West senior heads to U.S. military academy in June
By Samantha Dietel, Editor in Chief
James Miller’s childhood dream of attending West Point is at long last becoming a reality.
Miller, a senior at West Bend West High School, received his appointment to the prestigious U.S. Military Academy at West Point last month. He will be reporting to the academy June 29, thus fulfilling his aspiration of nearly seven years.
“I knew that I wanted to go to West Point since about sixth and seventh grade, and I’ve been working at it ever since,” Miller said. “So just to be appointed, it’s huge. I couldn’t really describe it. It was almost surreal, I didn’t really believe it was going on at first.”
While attending West Point, Miller hopes to pursue majors in political science and international relations. He thinks that an education in those areas will prove useful as he considers a career in military intelligence.
Upon graduation from West Point, Miller will be commissioned for five years as a paid second lieutenant in the Army. As West Point is free of tuition costs and living expenses, cadets must give back by serving at least eight years through a combination of Active Duty and Reserve Component Service. Once the first five years as a second lieutenant are complete, cadets have the freedom to choose which route they would like to take within the military.
Miller plans to remain in service as long as he can.
“I’ve always wanted to serve,” Miller said. “I can’t really explain why, it’s been something that’s just kind of resonated in the background.”
When asked about the role models who may have contributed to his interest in the military, Miller explained that his grandfather, who was a pastor, impressed upon him a desire to improve himself and his country for the benefit of others. His grandfather’s idea of servitude, coupled with the patriotism that Miller believes is fostered in many American youths, prompted him to idealize military service as a child.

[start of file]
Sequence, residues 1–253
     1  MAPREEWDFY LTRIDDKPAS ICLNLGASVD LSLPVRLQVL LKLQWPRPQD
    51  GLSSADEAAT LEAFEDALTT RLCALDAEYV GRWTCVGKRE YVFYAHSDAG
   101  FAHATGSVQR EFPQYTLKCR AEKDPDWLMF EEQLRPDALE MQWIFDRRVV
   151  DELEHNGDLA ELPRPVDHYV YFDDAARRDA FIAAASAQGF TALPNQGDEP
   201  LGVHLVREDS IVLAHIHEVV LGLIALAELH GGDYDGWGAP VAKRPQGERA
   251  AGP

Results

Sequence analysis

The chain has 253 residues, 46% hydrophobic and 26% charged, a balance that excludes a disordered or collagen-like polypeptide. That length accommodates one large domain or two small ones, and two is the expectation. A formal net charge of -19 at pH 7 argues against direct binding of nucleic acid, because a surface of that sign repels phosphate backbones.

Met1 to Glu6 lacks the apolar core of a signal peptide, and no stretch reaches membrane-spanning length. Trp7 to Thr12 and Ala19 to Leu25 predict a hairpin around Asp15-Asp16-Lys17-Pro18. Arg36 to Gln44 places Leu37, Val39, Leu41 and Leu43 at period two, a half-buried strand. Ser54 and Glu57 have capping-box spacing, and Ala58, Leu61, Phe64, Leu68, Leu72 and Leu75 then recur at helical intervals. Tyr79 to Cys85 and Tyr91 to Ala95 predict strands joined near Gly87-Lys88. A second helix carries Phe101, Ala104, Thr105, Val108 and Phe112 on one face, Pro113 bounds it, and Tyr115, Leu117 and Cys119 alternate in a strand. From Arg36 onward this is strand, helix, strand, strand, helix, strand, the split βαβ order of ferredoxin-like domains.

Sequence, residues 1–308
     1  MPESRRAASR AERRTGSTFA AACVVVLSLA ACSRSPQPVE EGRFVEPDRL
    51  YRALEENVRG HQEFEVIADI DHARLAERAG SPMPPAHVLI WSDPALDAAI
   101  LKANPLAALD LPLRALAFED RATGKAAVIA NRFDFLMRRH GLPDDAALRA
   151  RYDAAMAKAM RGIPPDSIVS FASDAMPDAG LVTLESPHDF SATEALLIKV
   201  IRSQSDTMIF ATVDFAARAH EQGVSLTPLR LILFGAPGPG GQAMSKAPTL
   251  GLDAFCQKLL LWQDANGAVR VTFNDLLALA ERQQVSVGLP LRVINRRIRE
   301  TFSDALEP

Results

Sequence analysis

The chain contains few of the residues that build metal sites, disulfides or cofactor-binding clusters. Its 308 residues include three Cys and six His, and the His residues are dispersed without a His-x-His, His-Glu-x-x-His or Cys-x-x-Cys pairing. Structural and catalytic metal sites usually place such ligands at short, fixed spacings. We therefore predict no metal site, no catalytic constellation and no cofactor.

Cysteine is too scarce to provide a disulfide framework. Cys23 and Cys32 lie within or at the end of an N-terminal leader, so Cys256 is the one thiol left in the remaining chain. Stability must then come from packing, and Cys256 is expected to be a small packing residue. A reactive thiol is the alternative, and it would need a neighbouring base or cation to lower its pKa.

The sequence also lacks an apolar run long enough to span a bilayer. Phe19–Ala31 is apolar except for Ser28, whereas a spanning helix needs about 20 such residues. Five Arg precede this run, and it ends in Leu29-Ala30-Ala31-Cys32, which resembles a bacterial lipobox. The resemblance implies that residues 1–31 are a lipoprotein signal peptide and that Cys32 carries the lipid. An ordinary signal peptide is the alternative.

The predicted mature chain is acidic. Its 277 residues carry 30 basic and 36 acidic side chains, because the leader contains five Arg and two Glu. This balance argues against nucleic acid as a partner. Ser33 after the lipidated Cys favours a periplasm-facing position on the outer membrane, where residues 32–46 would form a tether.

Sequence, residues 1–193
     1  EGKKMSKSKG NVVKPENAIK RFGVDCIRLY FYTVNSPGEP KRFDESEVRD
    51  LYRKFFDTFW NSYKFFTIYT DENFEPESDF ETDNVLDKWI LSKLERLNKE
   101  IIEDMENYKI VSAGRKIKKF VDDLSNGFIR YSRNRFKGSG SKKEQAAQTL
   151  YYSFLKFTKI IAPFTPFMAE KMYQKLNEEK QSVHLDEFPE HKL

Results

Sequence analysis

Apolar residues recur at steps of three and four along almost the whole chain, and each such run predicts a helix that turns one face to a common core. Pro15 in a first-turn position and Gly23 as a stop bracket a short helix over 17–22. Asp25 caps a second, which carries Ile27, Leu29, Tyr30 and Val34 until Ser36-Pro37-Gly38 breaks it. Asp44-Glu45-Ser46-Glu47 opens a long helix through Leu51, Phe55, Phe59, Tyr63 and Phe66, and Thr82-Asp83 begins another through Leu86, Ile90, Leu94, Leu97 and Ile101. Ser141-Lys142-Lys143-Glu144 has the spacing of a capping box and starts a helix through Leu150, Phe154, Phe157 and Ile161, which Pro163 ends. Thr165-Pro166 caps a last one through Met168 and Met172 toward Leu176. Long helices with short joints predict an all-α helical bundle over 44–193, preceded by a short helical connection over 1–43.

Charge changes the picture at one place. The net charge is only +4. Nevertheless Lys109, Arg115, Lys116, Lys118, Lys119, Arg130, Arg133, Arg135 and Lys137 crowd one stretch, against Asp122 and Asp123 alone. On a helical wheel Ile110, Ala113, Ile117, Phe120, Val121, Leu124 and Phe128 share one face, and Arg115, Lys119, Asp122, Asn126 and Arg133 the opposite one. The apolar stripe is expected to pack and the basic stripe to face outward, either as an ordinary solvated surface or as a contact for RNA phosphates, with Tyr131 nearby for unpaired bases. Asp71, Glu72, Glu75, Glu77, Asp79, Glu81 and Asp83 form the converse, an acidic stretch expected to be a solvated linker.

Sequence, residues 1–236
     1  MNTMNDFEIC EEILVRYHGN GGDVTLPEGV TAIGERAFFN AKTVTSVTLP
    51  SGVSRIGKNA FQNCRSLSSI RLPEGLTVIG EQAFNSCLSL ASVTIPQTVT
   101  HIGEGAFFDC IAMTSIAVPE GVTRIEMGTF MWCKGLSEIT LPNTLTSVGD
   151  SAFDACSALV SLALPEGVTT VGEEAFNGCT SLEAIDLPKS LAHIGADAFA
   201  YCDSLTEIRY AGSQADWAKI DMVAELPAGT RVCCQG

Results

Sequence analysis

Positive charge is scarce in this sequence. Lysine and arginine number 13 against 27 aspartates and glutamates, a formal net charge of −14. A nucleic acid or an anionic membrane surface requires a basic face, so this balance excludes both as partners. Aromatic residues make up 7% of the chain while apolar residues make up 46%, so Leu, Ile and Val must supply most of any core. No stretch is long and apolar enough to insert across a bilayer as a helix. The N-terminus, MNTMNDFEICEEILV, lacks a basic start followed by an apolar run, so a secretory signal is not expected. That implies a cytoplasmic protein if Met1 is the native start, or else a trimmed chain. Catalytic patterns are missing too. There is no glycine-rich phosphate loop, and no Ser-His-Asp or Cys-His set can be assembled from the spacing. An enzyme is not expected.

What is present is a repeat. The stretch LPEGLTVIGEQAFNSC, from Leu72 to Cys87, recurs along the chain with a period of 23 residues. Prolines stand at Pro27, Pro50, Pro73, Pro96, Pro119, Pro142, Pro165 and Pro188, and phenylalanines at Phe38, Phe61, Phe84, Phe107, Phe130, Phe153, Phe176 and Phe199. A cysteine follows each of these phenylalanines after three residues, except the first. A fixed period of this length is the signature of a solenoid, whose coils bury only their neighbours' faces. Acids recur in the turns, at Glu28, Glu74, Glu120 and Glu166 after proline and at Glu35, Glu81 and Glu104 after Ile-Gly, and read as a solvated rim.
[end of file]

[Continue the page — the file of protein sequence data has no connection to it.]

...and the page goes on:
Now a young man on the cusp of completing high school, Miller has recognized his own definition of patriotism, one that has driven him toward a plan of lifelong service to others: to fight for the ideals that will make the United States a better place.
“For America, that’s kind of instilled in the Declaration of Independence,” Miller said. “Just the idea that all of our rights are equal among all races, genders, sexual orientations—I think that those equal rights just go hand-in-hand with patriotism. I think that advocating for everybody’s equal rights is what patriotism means for me, and making sure that everybody has a fair shot in America. I think that’s important to fight for, to fight for the freedom that we have.”
Miller also emphasized the importance of demonstrating “service before self” in the military, as he believes some people mistakenly assume that many soldiers use the Army as an outlet for violence. He thinks that gaining a leadership position through his education at West Point can help him try to address that stereotype.
“I think that there are areas that could use changing, and I think that in order to change what’s going on, you need to be a part of it,” Miller said.
West English teacher Kristen Becker, who has known Miller since the start of his ninth grade year, hugged him when he told her of his acceptance to West Point.
“He was so excited, and so just knowing that this has been his dream since he was young—I wrote a letter of recommendation for him, so I knew this was his plan, this is what he was hoping for,” Becker said. “I was just so excited because you could see on his face, just this is his dream come true.”
West principal Ralph Schlass also wrote letters of recommendation for Miller, so he was thrilled when he heard that Miller was appointed.
“I knew this had been his goal and dream for some time,” Schlass said. “When he told me, I teared up because I want to see all our students’ dreams become reality. He is among the nation’s best and he will serve our country with the highest honor and dignity.”
The Road to West Point